Schools including British International School, Phuket (BISP) and UWC Thailand, the Singapore Sports School, and English Schools Foundation (ESF) secondary schools in Hong Kong have just completed a three-year pilot project. They are now accredited by the World Academy of Sport (WAoS) as Athlete Friendly Education Centres (AFECs), which allows students to extend their studies in order to balance sports training and school commitments.
Adrian Kearney, Director of IB World Schools, says: “The IB has recognised the importance of supporting our schools to increase access to the DP for those students who are strongly committed to sporting endeavours.”
BISP in Phuket has sporting academies in swimming, golf, football, triathlon and tennis. Outstanding facilities on BISP’s 44-acre campus include Olympic-sized swimming pools, a short game golf centre, an athletics track and even a trapeze rig. Also in Phuket, and located next to a sports resort, UWC Thailand offers a well-rounded and competitive sports programme alongside its full IB programme.
Singapore Sports School, which is a specialist independent school, offers the extended IB programme to its student athletes. The majority of students here are Singaporean, but places are available for international students.
In Hong Kong, ESF’s King George V School, Renaissance College and Sha Tin College all took part in the initial pilot; now all ESF secondary schools are AFEC-accredited and run the three-year Diploma Programme in partnership with the Hong Kong Sports Institute (HKSI).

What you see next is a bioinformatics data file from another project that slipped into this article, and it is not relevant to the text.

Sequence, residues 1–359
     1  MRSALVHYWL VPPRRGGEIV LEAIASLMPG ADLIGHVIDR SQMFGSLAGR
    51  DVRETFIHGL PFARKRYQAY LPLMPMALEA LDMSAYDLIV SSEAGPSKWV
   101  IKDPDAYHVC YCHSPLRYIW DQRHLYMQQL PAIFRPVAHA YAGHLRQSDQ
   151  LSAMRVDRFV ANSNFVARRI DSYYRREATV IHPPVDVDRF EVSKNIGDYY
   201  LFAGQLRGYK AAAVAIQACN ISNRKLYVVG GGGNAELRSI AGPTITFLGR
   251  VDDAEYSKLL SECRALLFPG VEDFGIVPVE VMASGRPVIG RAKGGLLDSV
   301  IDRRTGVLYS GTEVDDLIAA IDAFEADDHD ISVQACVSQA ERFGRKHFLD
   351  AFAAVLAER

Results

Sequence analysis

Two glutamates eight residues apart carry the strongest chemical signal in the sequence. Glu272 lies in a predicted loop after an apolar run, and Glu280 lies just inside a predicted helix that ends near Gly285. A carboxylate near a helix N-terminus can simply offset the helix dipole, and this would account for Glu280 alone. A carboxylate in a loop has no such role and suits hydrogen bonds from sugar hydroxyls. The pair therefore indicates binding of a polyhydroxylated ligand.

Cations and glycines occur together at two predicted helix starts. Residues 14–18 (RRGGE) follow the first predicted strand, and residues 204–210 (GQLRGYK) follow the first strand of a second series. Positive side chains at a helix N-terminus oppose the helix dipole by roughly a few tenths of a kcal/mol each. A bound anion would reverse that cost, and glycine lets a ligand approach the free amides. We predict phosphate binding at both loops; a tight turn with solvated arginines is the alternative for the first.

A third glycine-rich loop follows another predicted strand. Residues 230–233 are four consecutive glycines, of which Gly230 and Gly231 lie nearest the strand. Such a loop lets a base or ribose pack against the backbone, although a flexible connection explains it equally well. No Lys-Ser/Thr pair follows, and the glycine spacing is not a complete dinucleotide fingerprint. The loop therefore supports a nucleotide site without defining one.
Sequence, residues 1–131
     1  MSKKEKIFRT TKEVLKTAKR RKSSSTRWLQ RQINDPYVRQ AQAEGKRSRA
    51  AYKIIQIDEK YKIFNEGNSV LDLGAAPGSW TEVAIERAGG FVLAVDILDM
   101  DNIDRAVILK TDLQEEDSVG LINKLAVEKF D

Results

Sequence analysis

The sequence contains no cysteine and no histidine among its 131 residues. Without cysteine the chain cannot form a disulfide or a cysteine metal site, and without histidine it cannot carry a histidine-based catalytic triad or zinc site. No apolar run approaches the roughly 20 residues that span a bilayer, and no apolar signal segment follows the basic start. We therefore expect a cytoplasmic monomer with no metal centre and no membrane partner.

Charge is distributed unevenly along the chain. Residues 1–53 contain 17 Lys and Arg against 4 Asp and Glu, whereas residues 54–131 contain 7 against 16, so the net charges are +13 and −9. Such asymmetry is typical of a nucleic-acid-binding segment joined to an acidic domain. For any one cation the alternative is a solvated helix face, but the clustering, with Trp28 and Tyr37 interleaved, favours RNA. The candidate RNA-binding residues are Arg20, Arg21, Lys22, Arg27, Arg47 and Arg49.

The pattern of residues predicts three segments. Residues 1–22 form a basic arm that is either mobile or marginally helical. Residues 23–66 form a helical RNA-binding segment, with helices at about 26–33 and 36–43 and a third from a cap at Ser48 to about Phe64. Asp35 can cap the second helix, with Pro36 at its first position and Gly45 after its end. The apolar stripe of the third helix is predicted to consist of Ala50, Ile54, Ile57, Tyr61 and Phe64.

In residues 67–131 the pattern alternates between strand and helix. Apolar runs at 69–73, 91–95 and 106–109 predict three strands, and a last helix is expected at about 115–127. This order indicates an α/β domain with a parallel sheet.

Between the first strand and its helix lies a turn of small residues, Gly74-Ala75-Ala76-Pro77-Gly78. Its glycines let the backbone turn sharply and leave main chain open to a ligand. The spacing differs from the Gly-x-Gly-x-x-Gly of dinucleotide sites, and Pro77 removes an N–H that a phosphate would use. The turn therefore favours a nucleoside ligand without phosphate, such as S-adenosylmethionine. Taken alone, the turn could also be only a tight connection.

There’s an average of one to two students taking the three-year IBDP in all ESF schools, with the exception of Discovery College. Typically, student athletes train with the HKSI.
One of the first graduates of the pilot ESF-HKSI IBDP was Renaissance College student and gymnast Elizabeth Chan. The 19-year-old passed her IB Diploma after extending her studies to three-years, while dedicating time to her professional gymnastics career which included representing Hong Kong in the Asian Games. At Sha Tin College, fencer Kaylin Hsieh, who won silver at this year’s Youth Olympic Games, is also enrolled on the three-year diploma programme.
“The IB Diploma Programme is a very demanding educational programme and the training regimes and competition commitments of professional athletes are also very demanding. Therefore, it is not possible for a student to do both to the best of their ability. However, completing the DP over three years allows the student the time to reach their potential in their chosen sport and in their academic studies.”
To become AFEC accredited, schools must demonstrate that they understand the requirements of high-performing student-athletes, and promote athlete-friendly flexible policies and procedures throughout the school community.